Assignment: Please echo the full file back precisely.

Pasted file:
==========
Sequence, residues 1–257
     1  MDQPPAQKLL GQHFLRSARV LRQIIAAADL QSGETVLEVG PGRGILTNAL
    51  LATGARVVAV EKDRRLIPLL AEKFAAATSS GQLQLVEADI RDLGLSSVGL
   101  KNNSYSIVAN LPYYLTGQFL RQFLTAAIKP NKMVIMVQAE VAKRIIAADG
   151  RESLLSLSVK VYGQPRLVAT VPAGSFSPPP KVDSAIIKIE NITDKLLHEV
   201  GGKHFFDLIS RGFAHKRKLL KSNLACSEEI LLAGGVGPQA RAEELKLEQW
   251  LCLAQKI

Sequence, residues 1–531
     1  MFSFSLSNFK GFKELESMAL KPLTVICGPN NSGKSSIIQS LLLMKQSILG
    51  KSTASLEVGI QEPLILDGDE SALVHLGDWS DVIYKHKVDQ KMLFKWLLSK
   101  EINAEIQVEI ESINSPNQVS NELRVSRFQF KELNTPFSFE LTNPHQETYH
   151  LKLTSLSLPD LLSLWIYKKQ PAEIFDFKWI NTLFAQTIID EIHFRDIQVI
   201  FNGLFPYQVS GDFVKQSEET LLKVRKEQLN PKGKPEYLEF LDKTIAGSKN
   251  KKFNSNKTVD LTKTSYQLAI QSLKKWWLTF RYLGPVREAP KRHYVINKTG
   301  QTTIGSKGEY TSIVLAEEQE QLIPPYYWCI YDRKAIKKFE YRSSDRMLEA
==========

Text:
Sequence, residues 1–257
     1  MDQPPAQKLL GQHFLRSARV LRQIIAAADL QSGETVLEVG PGRGILTNAL
    51  LATGARVVAV EKDRRLIPLL AEKFAAATSS GQLQLVEADI RDLGLSSVGL
   101  KNNSYSIVAN LPYYLTGQFL RQFLTAAIKP NKMVIMVQAE VAKRIIAADG
   151  RESLLSLSVK VYGQPRLVAT VPAGSFSPPP KVDSAIIKIE NITDKLLHEV
   201  GGKHFFDLIS RGFAHKRKLL KSNLACSEEI LLAGGVGPQA RAEELKLEQW
   251  LCLAQKI

Sequence, residues 1–531
     1  MFSFSLSNFK GFKELESMAL KPLTVICGPN NSGKSSIIQS LLLMKQSILG
    51  KSTASLEVGI QEPLILDGDE SALVHLGDWS DVIYKHKVDQ KMLFKWLLSK
   101  EINAEIQVEI ESINSPNQVS NELRVSRFQF KELNTPFSFE LTNPHQETYH
   151  LKLTSLSLPD LLSLWIYKKQ PAEIFDFKWI NTLFAQTIID EIHFRDIQVI
   201  FNGLFPYQVS GDFVKQSEET LLKVRKEQLN PKGKPEYLEF LDKTIAGSKN
   251  KKFNSNKTVD LTKTSYQLAI QSLKKWWLTF RYLGPVREAP KRHYVINKTG
   301  QTTIGSKGEY TSIVLAEEQE QLIPPYYWCI YDRKAIKKFE YRSSDRMLEA